Herpes Outbreak Frequency: How Often Do They Occur? People with symptomatic HSV-1 can have anywhere from several outbreaks per year to one every couple years or so, depending on the individual.
How common is HSV-1 genital?
In 2016, an estimated 3.7 billion people under the age of 50, or 67% of the population, had HSV-1 infection (oral or genital).
How often does genital HSV-1 recur?
By contrast, genital HSV-1 recurs infrequently. The genital HSV-1 recurrence rate is ∼20% of the rate described for genital HSV-2 in the first year of infection, and there is a considerably more rapid decrease over time for HSV-1 than for HSV-2.
What causes recurrent HSV-1 outbreaks?
Triggers for recurrence — Illness, stress, sunlight, and fatigue can trigger recurrent herpes outbreaks. In women, menstrual periods may trigger an outbreak. When did I become infected? — The first time a person has noticeable signs or symptoms of herpes may not be the initial episode.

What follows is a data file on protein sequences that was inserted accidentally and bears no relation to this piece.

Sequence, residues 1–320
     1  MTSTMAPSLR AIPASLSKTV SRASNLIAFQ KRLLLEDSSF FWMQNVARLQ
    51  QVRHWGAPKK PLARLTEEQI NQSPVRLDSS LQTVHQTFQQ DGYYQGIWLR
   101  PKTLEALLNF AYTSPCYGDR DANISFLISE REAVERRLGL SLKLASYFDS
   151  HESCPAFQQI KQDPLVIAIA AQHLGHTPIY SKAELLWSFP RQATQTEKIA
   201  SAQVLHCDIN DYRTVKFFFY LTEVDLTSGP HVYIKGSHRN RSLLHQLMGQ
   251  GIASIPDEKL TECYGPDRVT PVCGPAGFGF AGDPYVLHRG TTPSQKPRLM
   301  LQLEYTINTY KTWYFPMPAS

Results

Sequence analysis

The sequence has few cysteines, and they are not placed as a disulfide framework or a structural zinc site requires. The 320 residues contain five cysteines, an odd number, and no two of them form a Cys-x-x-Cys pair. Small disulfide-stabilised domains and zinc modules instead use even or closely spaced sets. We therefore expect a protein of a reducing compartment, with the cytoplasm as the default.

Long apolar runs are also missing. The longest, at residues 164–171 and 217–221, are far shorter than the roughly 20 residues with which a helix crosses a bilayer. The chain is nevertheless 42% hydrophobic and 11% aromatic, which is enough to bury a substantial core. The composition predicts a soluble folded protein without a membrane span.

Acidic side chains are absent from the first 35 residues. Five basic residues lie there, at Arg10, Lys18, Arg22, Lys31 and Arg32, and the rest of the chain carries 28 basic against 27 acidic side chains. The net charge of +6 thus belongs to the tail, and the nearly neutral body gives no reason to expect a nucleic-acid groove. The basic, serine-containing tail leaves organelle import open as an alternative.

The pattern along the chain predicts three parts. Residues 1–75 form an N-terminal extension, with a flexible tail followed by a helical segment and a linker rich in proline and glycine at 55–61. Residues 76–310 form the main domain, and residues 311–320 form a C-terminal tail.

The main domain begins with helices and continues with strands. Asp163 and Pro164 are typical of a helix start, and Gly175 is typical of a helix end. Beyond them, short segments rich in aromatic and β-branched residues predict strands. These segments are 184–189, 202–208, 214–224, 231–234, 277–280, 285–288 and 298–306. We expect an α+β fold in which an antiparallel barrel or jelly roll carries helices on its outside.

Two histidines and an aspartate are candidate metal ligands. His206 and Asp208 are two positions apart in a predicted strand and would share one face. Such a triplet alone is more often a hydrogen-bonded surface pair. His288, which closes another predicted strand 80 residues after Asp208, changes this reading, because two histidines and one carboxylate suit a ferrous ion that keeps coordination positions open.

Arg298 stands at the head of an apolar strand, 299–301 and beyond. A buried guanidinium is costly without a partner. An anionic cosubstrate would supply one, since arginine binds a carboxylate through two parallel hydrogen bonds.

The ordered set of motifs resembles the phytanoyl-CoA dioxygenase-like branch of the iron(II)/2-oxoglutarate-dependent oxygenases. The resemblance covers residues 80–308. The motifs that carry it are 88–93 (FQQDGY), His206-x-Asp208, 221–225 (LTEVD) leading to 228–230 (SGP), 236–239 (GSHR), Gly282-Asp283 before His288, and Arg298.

How often does HSV-1 shedding occur?
Conclusions: At least 70% of the population shed HSV-1 asymptomatically at least once a month, and many individuals appear to shed HSV-1 more than 6 times per month.
How often does genital HSV-1 shed asymptomatically?
In these studies, asymptomatic shedding from anogenital sites was documented in 80%–90% of seropositive men and women, was present on ~20% of days with daily sampling, and was present at even higher frequency during the first 3 months after acquisition of first-episode genital herpes [12–18].
Is HSV-1 less contagious over time?
Research shows that older herpes infections are less contagious than newer ones. In other words, if a person has had the virus for many years, they may be less likely to spread it than someone who has recently contracted it. People can also get oral herpes through nonsexual contact with a person who has the virus.
How likely is it to spread HSV-1 without an outbreak?
Herpes (both oral & genital) can be spread even when there are no symptoms or sores. This is called asymptomatic shedding. Suppressive antiviral therapy significantly reduces asymptomatic shedding (and outbreaks). Valacyclovir taken daily can reduce risk of transmission to a partner by as much as 50%.